In Jamaica, Gwendolyn had met her future husband, Alexander. He left a well-paid job in Kingston to be with her in England. The jobs accessible to Alexander in England didn’t reflect his level of education: in Jamaica he was offered an opportunity to study dentistry at 15, but in England there was only factory work. 

Gwendolyn’s first job was in a toffee factory, after which she became a cleaner. She was told by a white colleague that she should stick to cleaning. People like her, the colleague said, shouldn’t seek more senior positions.

Things got worse when Gwendolyn and Alexander moved into their first flat. There was damp, and Gwendolyn’s bedroom frequently filled with smoke when children set fire to the bins outside. After opposing a summer-long play scheme that would have taken place directly outside with other residents in their block, Gwendolyn and Alexander woke up to find fifty or sixty people protesting in front of their building with placards that read ‘Go back to Africa’. 

[This story was told to me in a matter-of-fact tone, as though the protest was expected. But the racism Gwendolyn normally faced was more subtle. It was shown in the calculation of entitlement – in the way that her white colleague calmly told her not to get ideas above her station.]


When Archie arrived in the 50s, he faced similar problems. Segregation of workers in industry was commonplace, and he was regularly on the receiving end of racial slurs. Reflecting, Archie says he didn’t have it so bad. Others experienced much worse. 

In England, Archie met the love of his life – an Irish lady named Liz, who he’s still with today. Racial prejudice, he found, wasn’t limited to the workplace. His mother-in-law refused to accept him into the family. 

Archie is 84 years old now. He says that ‘life has been an experience – and I have achieved all that I wanted to.’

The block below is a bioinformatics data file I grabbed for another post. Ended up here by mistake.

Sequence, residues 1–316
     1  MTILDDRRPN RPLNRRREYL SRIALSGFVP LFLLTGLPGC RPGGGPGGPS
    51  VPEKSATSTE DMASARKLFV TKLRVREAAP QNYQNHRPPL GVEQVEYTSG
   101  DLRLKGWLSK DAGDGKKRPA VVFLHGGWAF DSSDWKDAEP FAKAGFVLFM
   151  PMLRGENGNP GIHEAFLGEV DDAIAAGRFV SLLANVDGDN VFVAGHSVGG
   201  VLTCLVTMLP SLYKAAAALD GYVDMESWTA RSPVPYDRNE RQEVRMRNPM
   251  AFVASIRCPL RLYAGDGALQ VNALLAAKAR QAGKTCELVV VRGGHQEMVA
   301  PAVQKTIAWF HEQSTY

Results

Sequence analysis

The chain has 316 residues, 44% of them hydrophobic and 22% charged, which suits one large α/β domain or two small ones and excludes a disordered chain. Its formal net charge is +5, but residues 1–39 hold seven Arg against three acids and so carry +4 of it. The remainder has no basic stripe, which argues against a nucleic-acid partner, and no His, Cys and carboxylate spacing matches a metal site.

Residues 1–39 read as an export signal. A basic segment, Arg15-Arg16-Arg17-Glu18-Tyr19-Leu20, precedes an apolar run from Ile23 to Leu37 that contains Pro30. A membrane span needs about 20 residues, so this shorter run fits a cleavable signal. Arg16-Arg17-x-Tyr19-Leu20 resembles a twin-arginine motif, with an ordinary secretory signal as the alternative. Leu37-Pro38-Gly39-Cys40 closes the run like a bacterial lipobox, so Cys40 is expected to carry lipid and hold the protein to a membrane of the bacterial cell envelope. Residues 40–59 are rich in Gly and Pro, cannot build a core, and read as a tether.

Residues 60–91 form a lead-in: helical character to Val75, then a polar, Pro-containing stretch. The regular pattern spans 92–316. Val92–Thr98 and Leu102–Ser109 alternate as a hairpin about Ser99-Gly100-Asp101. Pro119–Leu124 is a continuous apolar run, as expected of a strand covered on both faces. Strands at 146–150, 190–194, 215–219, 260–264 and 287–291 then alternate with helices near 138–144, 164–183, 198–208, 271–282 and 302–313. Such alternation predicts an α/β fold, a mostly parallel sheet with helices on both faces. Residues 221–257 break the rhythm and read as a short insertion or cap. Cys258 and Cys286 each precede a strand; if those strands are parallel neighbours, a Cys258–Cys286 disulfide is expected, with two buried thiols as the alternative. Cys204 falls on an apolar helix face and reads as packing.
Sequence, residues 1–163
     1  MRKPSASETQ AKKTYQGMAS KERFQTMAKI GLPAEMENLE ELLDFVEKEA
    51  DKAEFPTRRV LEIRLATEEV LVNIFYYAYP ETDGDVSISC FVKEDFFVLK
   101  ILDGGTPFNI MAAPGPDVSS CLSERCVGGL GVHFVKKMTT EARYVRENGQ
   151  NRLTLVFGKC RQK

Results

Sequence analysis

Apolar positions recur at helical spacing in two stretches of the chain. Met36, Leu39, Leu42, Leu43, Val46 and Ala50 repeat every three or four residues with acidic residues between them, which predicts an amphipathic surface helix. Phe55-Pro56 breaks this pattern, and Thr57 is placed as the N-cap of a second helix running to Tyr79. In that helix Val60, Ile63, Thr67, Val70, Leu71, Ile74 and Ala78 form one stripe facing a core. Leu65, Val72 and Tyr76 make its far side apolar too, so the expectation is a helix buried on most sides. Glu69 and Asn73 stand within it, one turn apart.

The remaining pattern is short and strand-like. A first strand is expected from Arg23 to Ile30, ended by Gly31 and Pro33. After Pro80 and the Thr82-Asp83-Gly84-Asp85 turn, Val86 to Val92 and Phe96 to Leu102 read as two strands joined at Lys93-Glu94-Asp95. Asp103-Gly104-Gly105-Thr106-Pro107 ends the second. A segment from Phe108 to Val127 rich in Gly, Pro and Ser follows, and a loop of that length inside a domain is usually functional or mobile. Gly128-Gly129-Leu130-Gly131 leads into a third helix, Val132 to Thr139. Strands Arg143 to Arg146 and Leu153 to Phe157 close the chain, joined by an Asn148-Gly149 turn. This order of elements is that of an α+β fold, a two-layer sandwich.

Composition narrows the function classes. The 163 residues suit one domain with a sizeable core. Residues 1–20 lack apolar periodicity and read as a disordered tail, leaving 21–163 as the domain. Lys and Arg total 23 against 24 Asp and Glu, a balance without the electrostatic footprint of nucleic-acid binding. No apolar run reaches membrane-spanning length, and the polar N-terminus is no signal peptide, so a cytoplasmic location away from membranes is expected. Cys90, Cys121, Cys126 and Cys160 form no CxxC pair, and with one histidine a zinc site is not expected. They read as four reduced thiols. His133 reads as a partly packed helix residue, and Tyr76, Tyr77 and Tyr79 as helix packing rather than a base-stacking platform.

To view the recent experiences of the Windrush Generation in isolation is to ignore the deep roots of racism. Years after the signs saying ‘no blacks’ were taken down, Gwendolyn’s children still faced prejudice. One of Gwendolyn’s daughters recalls visiting Blackpool beach for the day with her white partner and looking for a bed and breakfast to stay at for the night. Most places told her there were no available rooms, despite the signs stating they had vacancies in the windows.

Eliza says that she thinks there is less prejudice now. ‘Some of them,’ she tells me, ‘never used to think Black people were human.’ Gwendolyn said she never looked back following the purchase of her own home, and both she and Eliza praise the achievements of their children and grandchildren. All three individuals feel that the pace of change has been rapid.

Nonetheless, nearly half of Black households in the UK currently live in poverty, and our Prime Minister is a man who has openly used historical racist tropes. Over a quarter of the UK population continue describe themselves as ‘very’ or ‘a little’ racially prejudiced. The history of racism in Britain is far from over: there is still a way to go. 

learn more

  • BOOK: Mother Country – Charlie Brinkhurst-Cuff
  • PODCAST: Windrush Stories – Prison Radio Association
  • TV: The Unwanted: The Secret Windrush Files – BBC

Leah Charlotte Nuttall is a History graduate and proud third-generation Windrush descendent.